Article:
Cash Out & Refinance Loans with Hard Money

What is a cash out refinance loan in real estate?

Do you have equity in real estate that you own? A cash-out refinance loan is a type of loan that allows you to take equity out of investment properties that you already own, in the form of “cash out.” Cash out refinance loans can be done for a variety of reasons, including business purpose, home renovations or repairs, new investment home purchases, for partner buyouts, and more.

The main benefit of taking a cash out refinance loan is that you can pull out equity from a property that you own and use it for specific purposes, such as those in the example above.

Cash Out Refinance Loans with Hard Money

Because of low credit scores, or insufficient monthly income, some borrowers are unable to qualify for a cash out refinance loan from a bank or credit union. A private money loan, sometimes referred to as a “hard money loan,” or private money mortgage, is a type of loan from a non-bank lender, rather than from a bank or from other traditional lenders. These loans are most commonly used in real estate investing but are used by all types of people for different purposes. A private money loan and hard money loan are interchangeable terms and mean the same thing, a loan against a hard asset like real estate.

Hard money refinance loans can be a great tool for real estate investors to purchase another investment property quickly. The cash out proceeds from the loan are used as a down payment on the new property being purchased.

Sometimes a cash out refinance using private money is appropriate and sometimes it’s not. Shortly we will discuss examples of when it’s appropriate and when it’s not appropriate to use hard money loans to fund cash out refinances.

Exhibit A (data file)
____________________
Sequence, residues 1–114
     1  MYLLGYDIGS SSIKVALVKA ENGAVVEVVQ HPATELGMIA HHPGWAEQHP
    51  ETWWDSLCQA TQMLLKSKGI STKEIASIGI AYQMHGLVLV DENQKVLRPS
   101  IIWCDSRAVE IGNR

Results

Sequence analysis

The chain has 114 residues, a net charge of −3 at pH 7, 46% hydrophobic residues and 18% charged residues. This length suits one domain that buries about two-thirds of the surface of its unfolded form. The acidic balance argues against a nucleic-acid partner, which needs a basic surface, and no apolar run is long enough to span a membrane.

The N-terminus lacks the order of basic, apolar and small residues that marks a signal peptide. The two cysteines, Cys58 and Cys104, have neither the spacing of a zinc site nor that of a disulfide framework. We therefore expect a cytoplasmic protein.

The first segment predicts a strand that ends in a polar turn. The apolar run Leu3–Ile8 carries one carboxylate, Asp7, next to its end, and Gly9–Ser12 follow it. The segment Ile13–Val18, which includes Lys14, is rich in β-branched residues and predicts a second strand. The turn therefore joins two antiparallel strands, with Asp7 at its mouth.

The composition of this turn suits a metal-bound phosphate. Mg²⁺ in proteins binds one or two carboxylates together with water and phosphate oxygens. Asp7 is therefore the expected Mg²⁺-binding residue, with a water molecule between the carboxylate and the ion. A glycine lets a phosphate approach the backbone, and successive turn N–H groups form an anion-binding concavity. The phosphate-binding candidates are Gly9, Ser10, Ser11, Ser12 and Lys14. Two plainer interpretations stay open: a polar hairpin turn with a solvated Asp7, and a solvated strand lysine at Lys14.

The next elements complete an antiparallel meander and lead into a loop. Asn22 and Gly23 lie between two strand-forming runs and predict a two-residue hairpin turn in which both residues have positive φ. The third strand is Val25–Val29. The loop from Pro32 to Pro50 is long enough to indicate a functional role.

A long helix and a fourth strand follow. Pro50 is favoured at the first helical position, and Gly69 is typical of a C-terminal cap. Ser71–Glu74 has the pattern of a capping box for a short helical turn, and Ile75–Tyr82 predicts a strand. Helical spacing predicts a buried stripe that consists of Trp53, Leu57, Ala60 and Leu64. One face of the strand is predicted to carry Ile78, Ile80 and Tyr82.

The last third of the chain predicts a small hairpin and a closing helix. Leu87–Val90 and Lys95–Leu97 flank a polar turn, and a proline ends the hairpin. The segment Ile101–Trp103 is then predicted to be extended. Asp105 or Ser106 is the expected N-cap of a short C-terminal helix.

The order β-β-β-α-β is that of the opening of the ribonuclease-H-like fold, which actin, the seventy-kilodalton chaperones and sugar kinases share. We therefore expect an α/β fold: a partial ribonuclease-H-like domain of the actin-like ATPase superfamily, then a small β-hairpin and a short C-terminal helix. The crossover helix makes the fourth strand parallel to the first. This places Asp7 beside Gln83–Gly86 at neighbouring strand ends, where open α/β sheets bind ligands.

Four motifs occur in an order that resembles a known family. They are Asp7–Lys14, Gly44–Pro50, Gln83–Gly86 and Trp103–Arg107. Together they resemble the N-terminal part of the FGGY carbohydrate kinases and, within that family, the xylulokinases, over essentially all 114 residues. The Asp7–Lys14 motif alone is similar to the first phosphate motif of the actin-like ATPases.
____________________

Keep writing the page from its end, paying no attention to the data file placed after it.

The Importance of an Exit Strategy

When getting a cash out refinance loan from a private lender on any type of property, you need to have a solid exit strategy for the loan. And what is an exit strategy? Click to get some examples.

Do you plan on selling the property to pay the loan back? Or will you refinance the hard money loan with another loan, later down the road? Private money loans are short-term loans, and are not intended to be used as long term financing. The loan terms of private money loans typically range from 6 months to 2 years. If you don’t have a diehard exit strategy for paying the loan off within 1-2 months, you probably should NOT get a private mortgage on any type of property.

Hard Money Cash Out Refinance Interest Rates

A cash out refinance loan will usually have a higher interest rate than a standard refinance with no cash out. And the interest rate for a hard money cash-out refinance loan will be higher than the rate for a traditional mortgage. Typical interest rates can range from 9% to as high as 12%.

Usually the higher the loan to value, the higher the interest rate will be. But the interest rate and costs for a cash-out refinance loan from a private lender can also vary greatly depending on the lender, on the loan to value, and on various other factors.